Authorities in Kazakhstan have calculated the energy used in the country’s crypto mining industry which competes for electricity with other sectors of the economy and households. The government has also estimated the additional supply necessary to meet the growing demand from mining farms and proposed a cap on the nominal capacity of new facilities.
Kazakhstan measures energy consumption in crypto mining sector, estimates deficit
In order to explain why Kazakhstan is considering placing restrictions on new cryptocurrency mining operations, the Energy Ministry told local media that data centers that mint digital coins use 5 megawatts ( MW) of electricity per hour. A single mining facility burns an average of 3.6 million kilowatts (kW) per month, the department said, noting that this amount is equivalent to the consumption of 24,000 homes.
As China cracked down on cryptocurrency miners this year, the Central Asian nation has become an attractive destination for many mining companies with its low energy tariffs. As a result, electricity consumption rose 7.4% in the first nine months of this year, reaching nearly 83 billion kilowatt-hours (kWh), according to government figures.
Nur-Sultan officials have already blamed the peak on around 50 mining farms operating in the country. With a total project capacity of over 972 MW, their current load on Kazakhstan’s electricity distribution network has been estimated to be over 693 MW.
In addition to this, the consumption of electricity by illegal mining facilities is likely to have increased as well. The Energy Department told business news portal LS that the growth in excess consumption, which can be attributed to mining centers, is around 1,050 MW, while the share of underground crypto miners is believed to be between 250 and 450 MW.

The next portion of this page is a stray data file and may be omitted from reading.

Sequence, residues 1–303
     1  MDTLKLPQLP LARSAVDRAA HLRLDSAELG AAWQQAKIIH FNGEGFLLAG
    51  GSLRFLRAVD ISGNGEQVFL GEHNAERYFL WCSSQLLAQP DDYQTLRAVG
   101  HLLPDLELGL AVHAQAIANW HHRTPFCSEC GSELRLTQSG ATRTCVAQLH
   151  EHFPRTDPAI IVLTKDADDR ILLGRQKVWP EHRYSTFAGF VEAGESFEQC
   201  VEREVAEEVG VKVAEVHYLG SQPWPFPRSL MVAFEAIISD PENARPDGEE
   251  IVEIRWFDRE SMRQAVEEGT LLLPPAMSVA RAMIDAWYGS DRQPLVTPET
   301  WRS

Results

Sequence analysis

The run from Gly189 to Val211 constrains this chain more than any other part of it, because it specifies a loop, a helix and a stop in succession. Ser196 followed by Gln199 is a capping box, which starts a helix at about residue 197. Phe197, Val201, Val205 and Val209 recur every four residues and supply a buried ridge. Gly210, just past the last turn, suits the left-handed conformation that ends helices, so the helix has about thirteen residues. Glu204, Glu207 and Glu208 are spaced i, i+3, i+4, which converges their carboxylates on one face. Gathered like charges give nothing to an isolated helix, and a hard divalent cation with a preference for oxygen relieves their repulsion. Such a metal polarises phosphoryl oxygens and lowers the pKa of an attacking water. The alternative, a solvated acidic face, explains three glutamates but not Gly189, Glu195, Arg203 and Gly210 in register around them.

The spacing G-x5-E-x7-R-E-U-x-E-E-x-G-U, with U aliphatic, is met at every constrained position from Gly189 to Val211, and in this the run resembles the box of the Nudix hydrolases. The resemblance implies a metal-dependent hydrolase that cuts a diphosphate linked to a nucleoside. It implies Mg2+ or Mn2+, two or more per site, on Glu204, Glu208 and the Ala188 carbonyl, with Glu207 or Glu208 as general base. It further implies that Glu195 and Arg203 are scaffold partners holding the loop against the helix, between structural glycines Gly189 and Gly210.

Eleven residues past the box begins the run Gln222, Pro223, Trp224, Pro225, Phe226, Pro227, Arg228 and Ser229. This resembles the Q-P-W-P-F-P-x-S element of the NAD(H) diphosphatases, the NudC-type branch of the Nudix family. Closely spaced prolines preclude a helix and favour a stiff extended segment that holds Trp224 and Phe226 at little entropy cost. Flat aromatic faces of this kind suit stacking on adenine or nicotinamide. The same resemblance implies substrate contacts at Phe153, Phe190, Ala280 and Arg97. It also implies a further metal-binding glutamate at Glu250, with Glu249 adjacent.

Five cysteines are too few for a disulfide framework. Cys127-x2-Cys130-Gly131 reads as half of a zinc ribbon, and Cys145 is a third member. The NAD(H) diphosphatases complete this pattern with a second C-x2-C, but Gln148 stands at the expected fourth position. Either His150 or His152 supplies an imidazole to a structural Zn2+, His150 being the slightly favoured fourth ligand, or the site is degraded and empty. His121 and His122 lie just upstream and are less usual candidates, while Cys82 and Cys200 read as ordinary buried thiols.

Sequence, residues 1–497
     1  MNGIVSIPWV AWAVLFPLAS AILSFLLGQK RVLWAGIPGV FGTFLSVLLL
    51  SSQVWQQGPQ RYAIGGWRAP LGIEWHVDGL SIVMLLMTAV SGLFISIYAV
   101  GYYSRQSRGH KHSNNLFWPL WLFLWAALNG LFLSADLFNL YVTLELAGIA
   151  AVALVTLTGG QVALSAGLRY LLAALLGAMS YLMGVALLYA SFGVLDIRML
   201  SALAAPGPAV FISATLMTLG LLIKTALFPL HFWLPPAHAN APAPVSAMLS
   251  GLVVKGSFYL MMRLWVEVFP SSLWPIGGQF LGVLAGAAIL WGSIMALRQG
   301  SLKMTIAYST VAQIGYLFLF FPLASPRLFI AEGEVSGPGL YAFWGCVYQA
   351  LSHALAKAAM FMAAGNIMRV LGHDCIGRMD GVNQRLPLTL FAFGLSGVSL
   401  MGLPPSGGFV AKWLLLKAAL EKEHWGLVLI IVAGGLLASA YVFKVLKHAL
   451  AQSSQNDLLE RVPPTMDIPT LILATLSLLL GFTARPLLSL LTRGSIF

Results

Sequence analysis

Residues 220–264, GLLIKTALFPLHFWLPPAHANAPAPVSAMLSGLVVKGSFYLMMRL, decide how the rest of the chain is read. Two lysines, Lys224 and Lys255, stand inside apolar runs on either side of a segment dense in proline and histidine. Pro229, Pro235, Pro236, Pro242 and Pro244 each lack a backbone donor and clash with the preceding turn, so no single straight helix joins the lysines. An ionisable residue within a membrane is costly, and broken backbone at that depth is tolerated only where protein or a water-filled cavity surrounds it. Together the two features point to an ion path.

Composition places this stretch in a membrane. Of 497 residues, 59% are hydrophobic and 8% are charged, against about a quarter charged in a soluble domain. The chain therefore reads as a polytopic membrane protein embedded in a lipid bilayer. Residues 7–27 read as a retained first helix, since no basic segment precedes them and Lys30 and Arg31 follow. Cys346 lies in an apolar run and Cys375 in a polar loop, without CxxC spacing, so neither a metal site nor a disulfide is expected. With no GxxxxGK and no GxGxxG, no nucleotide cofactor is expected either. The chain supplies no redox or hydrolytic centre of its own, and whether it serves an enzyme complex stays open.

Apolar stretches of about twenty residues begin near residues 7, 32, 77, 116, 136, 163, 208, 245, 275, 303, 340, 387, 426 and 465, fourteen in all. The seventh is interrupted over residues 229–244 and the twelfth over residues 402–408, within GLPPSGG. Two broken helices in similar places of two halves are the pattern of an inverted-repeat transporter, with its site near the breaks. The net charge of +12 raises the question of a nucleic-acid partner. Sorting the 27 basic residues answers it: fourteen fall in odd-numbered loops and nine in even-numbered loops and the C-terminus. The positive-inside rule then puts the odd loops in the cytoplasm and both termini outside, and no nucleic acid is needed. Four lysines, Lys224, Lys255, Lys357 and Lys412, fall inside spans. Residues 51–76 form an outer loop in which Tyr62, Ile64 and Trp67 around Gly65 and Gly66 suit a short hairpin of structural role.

The government wants to limit the capacity of new mining farms to 100 MW
Meeting the growing needs of the mining industry would require an increase in electricity production of at least 1,000 MW, which can occur over the next four to five years, the ministry noted. In early October, Kazakhstan’s Energy Minister Magzum Mirzagaliev said the government intended to build power plants with a combined capacity of 3,000 MW during the same period.
To prevent the situation from deteriorating, the ministry recommends a capacity limit of 100 megawatts for new consumers connected to the electricity grid. The measure is expected to affect plans to build crypto mining farms in the country.
This isn’t the only bad news for cryptocurrency miners and potential investors. This month, lawmakers presented a proposal to introduce the registration of mining entities operating in the country. Concerned about the sector’s growing energy consumption, a group of Mazhilis MPs also called for the adoption of higher electricity tariffs for companies involved in mining digital currencies.
Do you expect Kazakhstan to limit the size of crypto farms and introduce other restrictions and tariffs for the coin mining industry? Tell us in the comments section below.
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